Simple Uart Process

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I have studied about Uart  I would like to discuses about Uart how it works  I am explaining how uart works by a flow chart If you see any error then please give me proper guidance

 

 

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In ReadChar() what will you do when an error occurs ? (data overrun, parity)

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Significant errors:

 

Same error, actually, for both receive and transmit. You don't want to look at whether transmit and receive are "enabled". Instead, you want to check whether or not there is a character in the receive register. On the transmit side, you want to check whether or not the transmit register is empty.

 

Yes, the enable bits are important, but they don't control going ahead with the receive read or the transmit write.

 

Jim

 

Until Black Lives Matter, we do not have "All Lives Matter"!

 

 

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Have you read the UART tutorials in the Tutorial Forum?

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clawson wrote:

Have you read the UART tutorials in the Tutorial Forum?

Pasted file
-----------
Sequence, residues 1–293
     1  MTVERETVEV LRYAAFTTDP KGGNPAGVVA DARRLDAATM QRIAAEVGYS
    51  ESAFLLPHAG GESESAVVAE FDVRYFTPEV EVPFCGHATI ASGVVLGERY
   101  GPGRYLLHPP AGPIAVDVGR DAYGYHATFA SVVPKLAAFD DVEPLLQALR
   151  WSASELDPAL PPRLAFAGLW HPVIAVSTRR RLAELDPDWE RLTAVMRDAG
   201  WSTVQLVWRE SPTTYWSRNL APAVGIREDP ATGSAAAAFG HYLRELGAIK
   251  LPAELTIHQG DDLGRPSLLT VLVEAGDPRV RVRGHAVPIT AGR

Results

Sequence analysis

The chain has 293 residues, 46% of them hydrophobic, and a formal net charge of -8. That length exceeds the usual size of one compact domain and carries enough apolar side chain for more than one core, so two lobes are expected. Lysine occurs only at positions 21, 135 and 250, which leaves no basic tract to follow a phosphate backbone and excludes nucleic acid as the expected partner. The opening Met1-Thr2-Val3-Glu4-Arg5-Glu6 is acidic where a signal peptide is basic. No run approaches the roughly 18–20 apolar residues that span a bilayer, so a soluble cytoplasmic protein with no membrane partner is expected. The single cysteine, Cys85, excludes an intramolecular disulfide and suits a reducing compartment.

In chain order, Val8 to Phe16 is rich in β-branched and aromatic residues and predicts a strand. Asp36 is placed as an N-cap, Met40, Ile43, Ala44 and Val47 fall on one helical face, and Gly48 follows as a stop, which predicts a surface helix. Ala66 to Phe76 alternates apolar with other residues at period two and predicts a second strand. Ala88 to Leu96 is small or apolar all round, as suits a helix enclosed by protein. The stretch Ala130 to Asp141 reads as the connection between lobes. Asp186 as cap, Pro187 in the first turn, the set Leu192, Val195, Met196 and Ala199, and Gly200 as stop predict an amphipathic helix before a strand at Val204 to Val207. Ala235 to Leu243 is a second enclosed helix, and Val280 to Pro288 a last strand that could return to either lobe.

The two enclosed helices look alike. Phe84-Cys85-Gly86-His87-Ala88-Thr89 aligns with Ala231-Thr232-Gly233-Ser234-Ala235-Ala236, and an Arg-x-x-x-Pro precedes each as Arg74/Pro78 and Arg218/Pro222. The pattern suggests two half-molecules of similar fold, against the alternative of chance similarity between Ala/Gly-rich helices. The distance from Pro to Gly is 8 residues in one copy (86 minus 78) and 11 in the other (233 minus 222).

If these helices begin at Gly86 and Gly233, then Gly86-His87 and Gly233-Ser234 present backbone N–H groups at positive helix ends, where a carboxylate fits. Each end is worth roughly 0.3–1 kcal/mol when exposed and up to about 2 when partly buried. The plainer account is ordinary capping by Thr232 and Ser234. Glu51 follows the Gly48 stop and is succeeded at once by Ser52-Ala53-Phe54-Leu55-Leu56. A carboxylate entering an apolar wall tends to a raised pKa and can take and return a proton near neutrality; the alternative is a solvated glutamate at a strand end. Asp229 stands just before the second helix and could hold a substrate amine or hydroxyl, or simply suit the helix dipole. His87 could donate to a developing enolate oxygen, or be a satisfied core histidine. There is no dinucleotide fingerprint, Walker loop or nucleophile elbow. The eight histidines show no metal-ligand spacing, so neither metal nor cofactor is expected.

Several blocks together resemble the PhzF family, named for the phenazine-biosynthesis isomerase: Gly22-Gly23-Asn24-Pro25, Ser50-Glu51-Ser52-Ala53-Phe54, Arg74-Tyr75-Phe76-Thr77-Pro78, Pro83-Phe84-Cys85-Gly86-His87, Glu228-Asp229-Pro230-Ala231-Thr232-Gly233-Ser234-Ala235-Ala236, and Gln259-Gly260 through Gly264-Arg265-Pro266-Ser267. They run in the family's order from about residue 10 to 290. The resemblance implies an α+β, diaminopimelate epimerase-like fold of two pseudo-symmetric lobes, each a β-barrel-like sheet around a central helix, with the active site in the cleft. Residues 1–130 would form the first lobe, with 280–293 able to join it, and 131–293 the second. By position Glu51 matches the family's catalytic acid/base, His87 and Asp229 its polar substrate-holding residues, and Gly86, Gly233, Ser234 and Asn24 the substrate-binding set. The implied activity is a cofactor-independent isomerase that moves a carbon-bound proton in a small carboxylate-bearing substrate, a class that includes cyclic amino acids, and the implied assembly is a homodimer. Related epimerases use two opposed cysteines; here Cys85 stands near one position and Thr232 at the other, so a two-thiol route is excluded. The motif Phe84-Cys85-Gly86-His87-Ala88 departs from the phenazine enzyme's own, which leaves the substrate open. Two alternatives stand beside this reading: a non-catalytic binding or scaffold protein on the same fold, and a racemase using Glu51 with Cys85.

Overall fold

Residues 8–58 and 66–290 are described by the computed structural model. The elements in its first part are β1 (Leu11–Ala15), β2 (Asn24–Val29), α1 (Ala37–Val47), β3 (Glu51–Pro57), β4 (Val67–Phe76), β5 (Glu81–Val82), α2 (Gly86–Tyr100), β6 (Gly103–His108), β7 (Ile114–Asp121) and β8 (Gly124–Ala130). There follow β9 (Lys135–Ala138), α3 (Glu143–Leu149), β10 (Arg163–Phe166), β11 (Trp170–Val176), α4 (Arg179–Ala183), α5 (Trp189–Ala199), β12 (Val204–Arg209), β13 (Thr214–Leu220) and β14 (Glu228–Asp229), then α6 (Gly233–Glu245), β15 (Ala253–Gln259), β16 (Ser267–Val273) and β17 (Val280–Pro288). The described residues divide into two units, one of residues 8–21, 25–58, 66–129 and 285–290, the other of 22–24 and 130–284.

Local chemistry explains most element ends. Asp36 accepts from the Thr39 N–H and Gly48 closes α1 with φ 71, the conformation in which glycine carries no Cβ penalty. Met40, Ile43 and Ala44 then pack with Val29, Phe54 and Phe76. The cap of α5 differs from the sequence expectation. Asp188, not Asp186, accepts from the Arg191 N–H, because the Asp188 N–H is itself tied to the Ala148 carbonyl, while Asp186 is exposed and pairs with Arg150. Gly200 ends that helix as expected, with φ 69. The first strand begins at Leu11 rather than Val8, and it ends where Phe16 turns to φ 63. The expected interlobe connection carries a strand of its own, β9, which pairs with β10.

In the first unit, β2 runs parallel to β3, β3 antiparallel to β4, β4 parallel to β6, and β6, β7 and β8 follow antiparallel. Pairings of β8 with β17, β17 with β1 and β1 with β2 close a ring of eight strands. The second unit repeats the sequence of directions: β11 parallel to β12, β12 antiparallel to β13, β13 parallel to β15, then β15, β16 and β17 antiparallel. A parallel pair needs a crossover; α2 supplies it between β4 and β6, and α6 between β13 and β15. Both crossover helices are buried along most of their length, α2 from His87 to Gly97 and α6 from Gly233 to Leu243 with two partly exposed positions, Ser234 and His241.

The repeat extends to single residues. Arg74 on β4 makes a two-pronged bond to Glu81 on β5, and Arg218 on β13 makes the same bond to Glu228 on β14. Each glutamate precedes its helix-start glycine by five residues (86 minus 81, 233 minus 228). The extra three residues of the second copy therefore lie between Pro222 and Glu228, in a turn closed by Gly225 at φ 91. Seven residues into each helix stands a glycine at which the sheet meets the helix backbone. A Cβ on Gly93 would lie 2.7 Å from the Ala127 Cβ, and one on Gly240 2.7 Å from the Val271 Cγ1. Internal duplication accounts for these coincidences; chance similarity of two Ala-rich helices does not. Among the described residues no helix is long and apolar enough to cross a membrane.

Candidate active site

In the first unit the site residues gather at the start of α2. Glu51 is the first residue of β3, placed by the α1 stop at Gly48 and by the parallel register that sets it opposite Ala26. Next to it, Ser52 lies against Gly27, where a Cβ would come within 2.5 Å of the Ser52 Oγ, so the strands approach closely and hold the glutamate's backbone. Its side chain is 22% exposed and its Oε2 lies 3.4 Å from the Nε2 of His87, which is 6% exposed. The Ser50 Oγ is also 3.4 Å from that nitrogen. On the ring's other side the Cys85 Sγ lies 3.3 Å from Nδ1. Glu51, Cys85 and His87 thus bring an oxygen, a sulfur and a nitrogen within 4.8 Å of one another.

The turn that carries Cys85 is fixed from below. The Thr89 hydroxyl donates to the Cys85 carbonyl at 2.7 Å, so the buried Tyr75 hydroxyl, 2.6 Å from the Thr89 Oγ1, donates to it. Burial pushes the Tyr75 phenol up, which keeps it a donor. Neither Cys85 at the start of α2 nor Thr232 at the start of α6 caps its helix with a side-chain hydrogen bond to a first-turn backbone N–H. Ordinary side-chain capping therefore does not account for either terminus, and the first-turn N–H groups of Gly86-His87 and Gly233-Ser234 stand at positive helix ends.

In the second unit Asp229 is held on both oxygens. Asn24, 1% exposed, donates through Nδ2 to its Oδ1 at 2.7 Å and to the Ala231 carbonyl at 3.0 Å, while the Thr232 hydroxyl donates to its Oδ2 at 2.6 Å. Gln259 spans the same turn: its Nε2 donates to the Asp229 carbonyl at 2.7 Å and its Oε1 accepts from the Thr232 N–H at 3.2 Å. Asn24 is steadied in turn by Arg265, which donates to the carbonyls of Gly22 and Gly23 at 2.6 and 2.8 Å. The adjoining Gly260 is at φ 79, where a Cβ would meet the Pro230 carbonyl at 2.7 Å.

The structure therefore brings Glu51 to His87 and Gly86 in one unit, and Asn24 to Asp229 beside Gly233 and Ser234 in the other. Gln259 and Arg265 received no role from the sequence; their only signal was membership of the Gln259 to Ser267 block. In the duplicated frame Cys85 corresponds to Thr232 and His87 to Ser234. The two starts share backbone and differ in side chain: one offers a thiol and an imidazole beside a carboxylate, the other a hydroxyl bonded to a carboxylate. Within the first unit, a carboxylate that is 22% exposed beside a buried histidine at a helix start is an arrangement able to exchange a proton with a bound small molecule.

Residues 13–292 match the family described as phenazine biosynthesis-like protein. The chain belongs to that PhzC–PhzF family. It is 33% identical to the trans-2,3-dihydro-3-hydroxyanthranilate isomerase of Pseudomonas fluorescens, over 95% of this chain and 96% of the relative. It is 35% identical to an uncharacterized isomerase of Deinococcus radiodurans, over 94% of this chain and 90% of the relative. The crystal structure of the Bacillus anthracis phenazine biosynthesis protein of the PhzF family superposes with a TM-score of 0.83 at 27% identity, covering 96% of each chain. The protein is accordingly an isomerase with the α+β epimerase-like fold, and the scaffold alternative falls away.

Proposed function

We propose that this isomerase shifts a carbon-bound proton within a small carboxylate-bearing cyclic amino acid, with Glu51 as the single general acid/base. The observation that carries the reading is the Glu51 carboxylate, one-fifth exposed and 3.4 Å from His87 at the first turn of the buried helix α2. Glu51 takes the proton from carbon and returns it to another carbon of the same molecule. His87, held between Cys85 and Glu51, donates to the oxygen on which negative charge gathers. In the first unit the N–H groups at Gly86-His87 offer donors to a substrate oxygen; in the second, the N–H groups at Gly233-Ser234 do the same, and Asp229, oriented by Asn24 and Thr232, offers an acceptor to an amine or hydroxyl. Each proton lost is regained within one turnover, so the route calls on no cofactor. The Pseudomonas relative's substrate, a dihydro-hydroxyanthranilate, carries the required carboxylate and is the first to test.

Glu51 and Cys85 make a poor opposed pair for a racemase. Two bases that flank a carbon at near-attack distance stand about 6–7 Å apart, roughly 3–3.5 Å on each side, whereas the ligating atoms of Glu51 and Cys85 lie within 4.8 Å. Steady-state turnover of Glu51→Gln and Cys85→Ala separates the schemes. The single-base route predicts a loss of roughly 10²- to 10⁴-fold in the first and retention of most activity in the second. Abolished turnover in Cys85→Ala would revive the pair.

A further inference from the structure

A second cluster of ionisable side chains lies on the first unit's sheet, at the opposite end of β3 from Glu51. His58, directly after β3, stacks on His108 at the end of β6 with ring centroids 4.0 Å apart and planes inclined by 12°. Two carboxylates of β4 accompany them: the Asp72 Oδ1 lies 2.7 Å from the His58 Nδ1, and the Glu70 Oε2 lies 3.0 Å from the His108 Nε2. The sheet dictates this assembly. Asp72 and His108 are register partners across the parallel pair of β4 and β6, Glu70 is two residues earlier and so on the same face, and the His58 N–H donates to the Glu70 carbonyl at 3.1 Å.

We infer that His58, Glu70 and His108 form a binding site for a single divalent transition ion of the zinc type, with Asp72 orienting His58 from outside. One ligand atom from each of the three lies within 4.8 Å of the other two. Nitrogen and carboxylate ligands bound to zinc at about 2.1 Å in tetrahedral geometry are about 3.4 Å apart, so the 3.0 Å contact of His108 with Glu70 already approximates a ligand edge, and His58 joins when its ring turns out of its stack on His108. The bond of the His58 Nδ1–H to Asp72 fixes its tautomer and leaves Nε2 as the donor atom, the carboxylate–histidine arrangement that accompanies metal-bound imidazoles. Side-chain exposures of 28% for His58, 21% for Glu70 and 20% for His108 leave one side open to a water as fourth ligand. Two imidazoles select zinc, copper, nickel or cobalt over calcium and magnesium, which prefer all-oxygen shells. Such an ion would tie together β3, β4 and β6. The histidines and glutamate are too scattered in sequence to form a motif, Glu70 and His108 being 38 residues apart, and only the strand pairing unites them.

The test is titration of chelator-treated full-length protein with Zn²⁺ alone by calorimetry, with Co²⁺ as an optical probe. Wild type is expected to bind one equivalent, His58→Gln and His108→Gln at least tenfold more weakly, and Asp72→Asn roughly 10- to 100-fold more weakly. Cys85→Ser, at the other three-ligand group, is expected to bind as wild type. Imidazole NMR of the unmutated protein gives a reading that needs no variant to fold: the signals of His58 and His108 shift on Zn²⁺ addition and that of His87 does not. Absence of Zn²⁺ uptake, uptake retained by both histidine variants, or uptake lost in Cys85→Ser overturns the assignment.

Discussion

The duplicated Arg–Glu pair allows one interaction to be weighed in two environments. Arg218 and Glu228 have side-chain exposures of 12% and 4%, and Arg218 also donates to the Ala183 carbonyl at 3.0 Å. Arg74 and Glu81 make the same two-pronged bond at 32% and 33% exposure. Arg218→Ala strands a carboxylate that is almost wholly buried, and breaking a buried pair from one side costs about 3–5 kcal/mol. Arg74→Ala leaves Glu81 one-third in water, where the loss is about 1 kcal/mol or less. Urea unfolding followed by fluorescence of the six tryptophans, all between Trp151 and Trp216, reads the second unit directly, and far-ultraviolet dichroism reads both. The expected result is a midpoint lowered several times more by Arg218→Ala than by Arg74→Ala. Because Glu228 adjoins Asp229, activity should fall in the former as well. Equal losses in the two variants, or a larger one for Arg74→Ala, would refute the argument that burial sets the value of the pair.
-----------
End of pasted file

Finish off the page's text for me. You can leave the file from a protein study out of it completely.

Yes I have been read tutorials Whatever I understood  I made it on paper 

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I fear you misunderstood then. When sending the thing you (usually) wait for is the UDRE bit becoming set in the UCSRA register. When receiving it is the RXC bit you are waiting to see set.

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ka7ehk wrote:

Significant errors:

 

Same error, actually, for both receive and transmit. You don't want to look at whether transmit and receive are "enabled". Instead, you want to check whether or not there is a character in the receive register. On the transmit side, you want to check whether or not the transmit register is empty.

 

Yes, the enable bits are important, but they don't control going ahead with the receive read or the transmit write.

 

Jim

it means when the transmitter register is empty then TXF will enable and when transmitter register is full then TXF will disable 

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You keep saying TXF? Can you explain what TXF is? AVRs generally have a status bit called TXC, is that what you are talking about?

 

(and if you are then as I already told you it's more normal to use UDRE not TXC anyway)